October 01, 2016

My Constant Companion

Through the years, I have experienced many phases of life, all with one constant companion – my journal.

It has served different purposes and taken on many identities – mentor, friend, confidant, life coach, reference asset, travel buddy and dumping ground to name a few, but it has always been there with me.

As a confused thirty-something with a boss that had a photographic memory, it helped me remember and prioritize before he yelled at me for forgetting. It was filled with “to do” lists, timelines and pros and cons concerning largely business decisions. Soon I poured out my disappointments and heartaches among with my successes, adventures and new relationships. Life was always just a little out of control but I learned a lot about responsibility.

In my forties, I chronicled husbandry, fatherhood, my volunteer fire department activities, milestones and daily life. Those blank pages allowed me to quietly express my thoughts about the transition from business professional to father and how ill equipped I felt for that responsibility. Daily writing helped me unburden the sometimes overwhelming feelings I was having and embrace my chosen path. I recorded and devoted pages and pages to writing about vacations, birthday celebrations, meetings, testimony before Congress, white papers I wrote, books I read, conversations and pithy stuff (that I still have pages and pages of to this day.)

During the “decade of my discontent” (55 to 65) I filled the pages of my journal with cathartic passages, thoughts about an adulterous spouse and my plans for the future. I thought in the past, fretted about the future and recounted countless unfulfilled dreams. Writing helped me to realize my accomplishments, accept and appreciate my life and be less anxious about the future. I found balance.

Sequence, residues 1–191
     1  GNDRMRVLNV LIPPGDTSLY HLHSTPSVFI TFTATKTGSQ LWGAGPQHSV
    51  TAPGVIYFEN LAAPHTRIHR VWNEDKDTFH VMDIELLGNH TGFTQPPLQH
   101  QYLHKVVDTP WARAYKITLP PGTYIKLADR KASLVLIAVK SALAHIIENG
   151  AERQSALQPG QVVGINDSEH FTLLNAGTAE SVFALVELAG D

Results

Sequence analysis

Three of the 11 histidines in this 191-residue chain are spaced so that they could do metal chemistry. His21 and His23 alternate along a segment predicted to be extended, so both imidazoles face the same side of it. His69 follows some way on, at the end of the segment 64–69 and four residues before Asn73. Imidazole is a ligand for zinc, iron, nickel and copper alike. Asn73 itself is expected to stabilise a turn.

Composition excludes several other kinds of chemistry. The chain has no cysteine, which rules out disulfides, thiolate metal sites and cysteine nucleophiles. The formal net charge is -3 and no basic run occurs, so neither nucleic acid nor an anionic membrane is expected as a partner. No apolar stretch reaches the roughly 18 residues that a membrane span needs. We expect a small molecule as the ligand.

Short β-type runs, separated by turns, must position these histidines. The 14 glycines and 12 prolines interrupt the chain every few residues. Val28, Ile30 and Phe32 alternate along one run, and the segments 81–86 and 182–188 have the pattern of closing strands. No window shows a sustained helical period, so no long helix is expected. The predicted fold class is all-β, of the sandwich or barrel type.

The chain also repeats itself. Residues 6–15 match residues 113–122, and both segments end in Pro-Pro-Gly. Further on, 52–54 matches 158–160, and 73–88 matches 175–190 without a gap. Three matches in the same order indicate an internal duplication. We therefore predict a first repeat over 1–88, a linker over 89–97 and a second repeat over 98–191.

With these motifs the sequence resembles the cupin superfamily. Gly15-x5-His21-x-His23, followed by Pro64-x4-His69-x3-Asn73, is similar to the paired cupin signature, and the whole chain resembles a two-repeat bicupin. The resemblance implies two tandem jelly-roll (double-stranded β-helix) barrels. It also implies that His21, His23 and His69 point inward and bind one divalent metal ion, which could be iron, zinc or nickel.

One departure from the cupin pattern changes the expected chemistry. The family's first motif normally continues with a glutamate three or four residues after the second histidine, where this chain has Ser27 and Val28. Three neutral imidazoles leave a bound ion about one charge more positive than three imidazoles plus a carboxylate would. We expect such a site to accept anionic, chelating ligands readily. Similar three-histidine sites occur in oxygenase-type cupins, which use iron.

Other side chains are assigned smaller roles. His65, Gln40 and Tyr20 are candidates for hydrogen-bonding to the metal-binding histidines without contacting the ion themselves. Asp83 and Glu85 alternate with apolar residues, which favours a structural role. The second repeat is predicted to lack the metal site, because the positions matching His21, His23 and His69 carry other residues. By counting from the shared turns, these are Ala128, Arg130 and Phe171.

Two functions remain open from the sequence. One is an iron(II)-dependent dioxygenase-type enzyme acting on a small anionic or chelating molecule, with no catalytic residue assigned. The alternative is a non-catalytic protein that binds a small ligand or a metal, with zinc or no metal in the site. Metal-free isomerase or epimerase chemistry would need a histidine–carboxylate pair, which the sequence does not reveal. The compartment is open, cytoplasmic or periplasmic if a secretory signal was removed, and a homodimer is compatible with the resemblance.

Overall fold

Now, in my mid-sixties I write about joy and resignation, dreams for my grandchildrens’ lives and the peacefulness of my own. Having my journal as a constant companion for all these years enables me to have hard evidence of the journeys I have traveled. I don’t have to rely on the frailty of memories – it’s all right there penned on paper. It holds the truths of who I am and how I came to be, and it is largely responsible for molding me into the person I am today. Now, as I am forced into government retirement, I am thankful to have had such a faithful companion and look forward to the remaining years.


In late August of 2012, while enrolled in a post-Grad Harvard course, my assignment was to create a blog and write a paper on a randomly drawn topic. My topic was “Aging.” I created a blog that was a very "sanitized" version of my personal journal, but with more psychology. I like the added benefit of what I am doing, if not what I am thinking and feeling. I recommend this avenue for anyone who would like to chronicle their life, and is also ready to look inward.

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